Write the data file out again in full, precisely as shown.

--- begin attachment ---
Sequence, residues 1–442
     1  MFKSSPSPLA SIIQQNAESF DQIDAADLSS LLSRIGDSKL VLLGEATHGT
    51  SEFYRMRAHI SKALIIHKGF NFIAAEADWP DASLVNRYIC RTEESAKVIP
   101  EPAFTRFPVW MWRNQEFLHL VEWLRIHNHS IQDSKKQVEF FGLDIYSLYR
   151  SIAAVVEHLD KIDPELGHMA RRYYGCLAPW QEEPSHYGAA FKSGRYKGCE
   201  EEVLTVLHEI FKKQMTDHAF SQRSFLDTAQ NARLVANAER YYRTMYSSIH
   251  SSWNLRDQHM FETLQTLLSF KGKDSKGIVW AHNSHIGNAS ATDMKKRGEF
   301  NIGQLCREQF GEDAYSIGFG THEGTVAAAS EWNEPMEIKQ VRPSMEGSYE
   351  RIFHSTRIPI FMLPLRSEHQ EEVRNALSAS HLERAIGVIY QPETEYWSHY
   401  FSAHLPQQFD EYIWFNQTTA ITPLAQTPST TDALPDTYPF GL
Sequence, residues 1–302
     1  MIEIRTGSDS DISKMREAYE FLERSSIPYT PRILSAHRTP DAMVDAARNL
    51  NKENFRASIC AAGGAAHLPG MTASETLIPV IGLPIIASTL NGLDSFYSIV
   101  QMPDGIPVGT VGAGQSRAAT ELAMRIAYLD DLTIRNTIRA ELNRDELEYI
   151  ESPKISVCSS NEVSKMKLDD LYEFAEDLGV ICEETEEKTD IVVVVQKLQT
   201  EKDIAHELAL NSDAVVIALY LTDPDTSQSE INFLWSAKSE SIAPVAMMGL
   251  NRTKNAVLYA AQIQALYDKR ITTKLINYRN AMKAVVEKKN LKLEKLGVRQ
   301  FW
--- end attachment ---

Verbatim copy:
Sequence, residues 1–442
     1  MFKSSPSPLA SIIQQNAESF DQIDAADLSS LLSRIGDSKL VLLGEATHGT
    51  SEFYRMRAHI SKALIIHKGF NFIAAEADWP DASLVNRYIC RTEESAKVIP
   101  EPAFTRFPVW MWRNQEFLHL VEWLRIHNHS IQDSKKQVEF FGLDIYSLYR
   151  SIAAVVEHLD KIDPELGHMA RRYYGCLAPW QEEPSHYGAA FKSGRYKGCE
   201  EEVLTVLHEI FKKQMTDHAF SQRSFLDTAQ NARLVANAER YYRTMYSSIH
   251  SSWNLRDQHM FETLQTLLSF KGKDSKGIVW AHNSHIGNAS ATDMKKRGEF
   301  NIGQLCREQF GEDAYSIGFG THEGTVAAAS EWNEPMEIKQ VRPSMEGSYE
   351  RIFHSTRIPI FMLPLRSEHQ EEVRNALSAS HLERAIGVIY QPETEYWSHY
   401  FSAHLPQQFD EYIWFNQTTA ITPLAQTPST TDALPDTYPF GL
Sequence, residues 1–302
     1  MIEIRTGSDS DISKMREAYE FLERSSIPYT PRILSAHRTP DAMVDAARNL
    51  NKENFRASIC AAGGAAHLPG MTASETLIPV IGLPIIASTL NGLDSFYSIV
   101  QMPDGIPVGT VGAGQSRAAT ELAMRIAYLD DLTIRNTIRA ELNRDELEYI
   151  ESPKISVCSS NEVSKMKLDD LYEFAEDLGV ICEETEEKTD IVVVVQKLQT
   201  EKDIAHELAL NSDAVVIALY LTDPDTSQSE INFLWSAKSE SIAPVAMMGL
   251  NRTKNAVLYA AQIQALYDKR ITTKLINYRN AMKAVVEKKN LKLEKLGVRQ
   301  FW